Thursday, March 9 | Luke 16:19-31

“Death-resurrection stands forth as clearly in this parable as it does in any of the others…Lazarus starts out as a loser, plays out his allotted hand, and then, in one stunning throw, wins the game with the last trump of an accepted death. [The Rich Man] starts out as a winner, but because he never accepts death he loses, hands down.

Jesus is anticipating the parable of the Pharisee and the Publican here. In that story, too, both main characters are dead: the difference between them is simply that while the publican accepts his death and is justified, the Pharisee rejects this and is condemned.

It is not, of course, that we are to run out and actively seek a miserable life like Lazarus’s…Life in this vale of tears will provide an ungenteel sufficiency of such things. The truth, rather, is that the crosses that will inexorably come-and the death that will inevitably result from them-are, if accepted, all we need. For Jesus came to raise the dead. He did not come to reward the rewardable, improve the improvable, or correct the correctible; he came simply to be the resurrection and the life of those who will take their stand on a death he can use instead of on a life he cannot.”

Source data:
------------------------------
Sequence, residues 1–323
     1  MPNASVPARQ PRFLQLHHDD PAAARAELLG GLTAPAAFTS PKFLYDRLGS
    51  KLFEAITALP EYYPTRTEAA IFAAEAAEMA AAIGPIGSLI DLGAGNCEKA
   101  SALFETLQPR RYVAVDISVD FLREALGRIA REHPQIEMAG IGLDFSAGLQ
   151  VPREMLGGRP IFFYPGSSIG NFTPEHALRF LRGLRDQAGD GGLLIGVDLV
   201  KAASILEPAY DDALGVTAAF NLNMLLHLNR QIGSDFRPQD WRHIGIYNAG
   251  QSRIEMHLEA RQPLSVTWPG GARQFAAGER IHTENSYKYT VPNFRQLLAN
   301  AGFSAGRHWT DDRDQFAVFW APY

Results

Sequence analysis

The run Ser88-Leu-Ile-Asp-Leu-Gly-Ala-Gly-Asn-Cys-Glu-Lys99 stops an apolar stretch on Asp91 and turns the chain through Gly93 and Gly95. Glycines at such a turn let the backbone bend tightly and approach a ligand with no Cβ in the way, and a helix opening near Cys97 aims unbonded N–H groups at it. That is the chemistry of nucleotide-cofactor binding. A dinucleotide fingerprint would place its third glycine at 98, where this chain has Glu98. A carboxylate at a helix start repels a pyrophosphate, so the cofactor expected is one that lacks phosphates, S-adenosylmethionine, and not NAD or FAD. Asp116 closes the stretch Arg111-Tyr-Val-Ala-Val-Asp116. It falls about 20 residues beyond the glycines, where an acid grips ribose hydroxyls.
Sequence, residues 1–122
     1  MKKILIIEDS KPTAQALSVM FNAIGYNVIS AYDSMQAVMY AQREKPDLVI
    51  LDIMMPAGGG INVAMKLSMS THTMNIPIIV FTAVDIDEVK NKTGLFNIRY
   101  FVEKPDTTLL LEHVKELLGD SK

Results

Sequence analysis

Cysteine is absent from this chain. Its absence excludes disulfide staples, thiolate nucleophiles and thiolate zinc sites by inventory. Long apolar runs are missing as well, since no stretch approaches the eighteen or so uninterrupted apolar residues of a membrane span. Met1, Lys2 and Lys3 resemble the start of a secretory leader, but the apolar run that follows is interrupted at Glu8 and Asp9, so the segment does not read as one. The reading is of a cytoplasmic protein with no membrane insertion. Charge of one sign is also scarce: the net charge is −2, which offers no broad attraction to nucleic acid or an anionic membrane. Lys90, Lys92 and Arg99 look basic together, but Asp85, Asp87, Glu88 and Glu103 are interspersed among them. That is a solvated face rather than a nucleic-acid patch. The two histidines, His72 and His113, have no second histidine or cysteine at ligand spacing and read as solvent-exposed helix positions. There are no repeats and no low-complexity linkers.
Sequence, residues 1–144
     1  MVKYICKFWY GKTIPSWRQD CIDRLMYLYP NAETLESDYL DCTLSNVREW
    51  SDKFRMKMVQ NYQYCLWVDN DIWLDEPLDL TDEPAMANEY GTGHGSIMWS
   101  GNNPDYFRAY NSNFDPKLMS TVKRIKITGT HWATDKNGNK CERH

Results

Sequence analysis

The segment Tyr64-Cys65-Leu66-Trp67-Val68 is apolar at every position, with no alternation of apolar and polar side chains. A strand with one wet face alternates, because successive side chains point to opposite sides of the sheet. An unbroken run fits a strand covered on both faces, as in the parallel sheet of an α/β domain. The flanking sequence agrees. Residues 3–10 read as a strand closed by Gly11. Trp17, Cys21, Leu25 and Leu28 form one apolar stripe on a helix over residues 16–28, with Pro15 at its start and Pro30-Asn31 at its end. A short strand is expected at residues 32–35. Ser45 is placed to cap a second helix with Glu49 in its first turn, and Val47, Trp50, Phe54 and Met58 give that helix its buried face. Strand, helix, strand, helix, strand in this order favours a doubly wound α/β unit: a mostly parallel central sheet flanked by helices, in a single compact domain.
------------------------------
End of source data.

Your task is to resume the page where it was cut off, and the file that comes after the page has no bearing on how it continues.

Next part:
-The Rev. Robert Farrar Capon, on the parable “Lazarus and Dives” from The Parables of Grace


Robert Farrar Capon. The Parables of Grace (Kindle Locations 2204-2218). Kindle Edition.
Koenig, Peter. Lazarus at the Gate, from Art in the Christian Tradition, a project of the Vanderbilt Divinity Library, Nashville, TN.
[retrieved February 13, 2023].